Sizwe Nxasana. Picture: FINANCIAL MAIL
Sizwe Nxasana. Picture: FINANCIAL MAIL

Business will contribute R200m towards piloting the Ikusasa Student Financial Aid Programme (Isfap) this year — a public-private partnership led by former FirstRand CEO Sizwe Nxasana, which seeks to address the funding requirements of disadvantaged students.

The pilot will cover the full cost of study for the 2017 academic year, including tuition and accommodation, for 1,500 students at seven universities and one Technical Vocational Education and Training (TVET) college.

If the pilot is successful, the plan is to get corporates to contribute 1.5% of their payroll bill to Isfap come 2018, which would raise an estimated R24bn per year to fund higher education and training.

In terms of broad-based black economic empowerment (BBBEE) legislation, businesses must spend 6% of payroll on skills development.

Companies often found this to be too large an amount of money to spend only on their own employees, said Trevor Chandler, senior policy adviser at the Association for Savings and Investment SA (Asisa).

"Some of this spend could be diverted towards the Isfap initiative," Chandler said on Tuesday.

The funding model would address the "missing middle", providing for families earning less than R600,000 per year.

Students looking to train in occupations and skills in high demand would be financed at full cost, including tuition, accommodation and a stipend, Asisa CEO Leon Campher said.

The programme would also provide a support structure to these students, including mentorship and internship opportunities, he said.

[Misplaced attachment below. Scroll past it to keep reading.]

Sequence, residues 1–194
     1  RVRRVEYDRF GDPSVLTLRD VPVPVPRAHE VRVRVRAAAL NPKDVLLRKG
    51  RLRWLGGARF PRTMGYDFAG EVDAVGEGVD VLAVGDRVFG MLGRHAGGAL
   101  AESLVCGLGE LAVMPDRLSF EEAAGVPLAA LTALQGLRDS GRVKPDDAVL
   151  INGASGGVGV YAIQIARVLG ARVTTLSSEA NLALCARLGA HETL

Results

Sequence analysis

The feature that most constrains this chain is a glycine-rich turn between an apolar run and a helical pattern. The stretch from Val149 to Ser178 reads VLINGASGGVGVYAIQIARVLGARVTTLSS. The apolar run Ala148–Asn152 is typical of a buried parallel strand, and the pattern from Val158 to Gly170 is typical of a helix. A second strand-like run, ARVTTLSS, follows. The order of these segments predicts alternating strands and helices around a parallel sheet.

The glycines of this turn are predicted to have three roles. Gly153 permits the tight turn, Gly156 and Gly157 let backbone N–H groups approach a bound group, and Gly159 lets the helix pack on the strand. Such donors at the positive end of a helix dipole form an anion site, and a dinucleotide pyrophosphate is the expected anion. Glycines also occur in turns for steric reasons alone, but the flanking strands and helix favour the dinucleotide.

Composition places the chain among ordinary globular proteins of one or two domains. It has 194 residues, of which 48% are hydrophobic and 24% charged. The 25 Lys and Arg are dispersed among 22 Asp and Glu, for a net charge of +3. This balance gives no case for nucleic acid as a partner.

Students at the top end of the income band would probably have only their first year funded, Campher said. "The idea is that Isfap will issue social impact bonds to the savings industry and in that way raise money to provide loans to these students to complete their studies," he said.

The loans would not accrue interest while the individual was still studying. Students would start to repay these loans one year after they had started working at "soft commercial interest rates", Campher said.

It had not yet been decided who would guarantee these bonds, but it was possible that Isfap’s own balance sheet could create a backing, Chandler said.

Isfap would not replace the National Student Financial Aid Scheme (Nsfas), he said.

The pilot would test the feasibility of the programme for a full roll out in 2018, Campher said. "It’s a bold move and we all hold thumbs that it works."

Isfap will be officially launched on Thursday.

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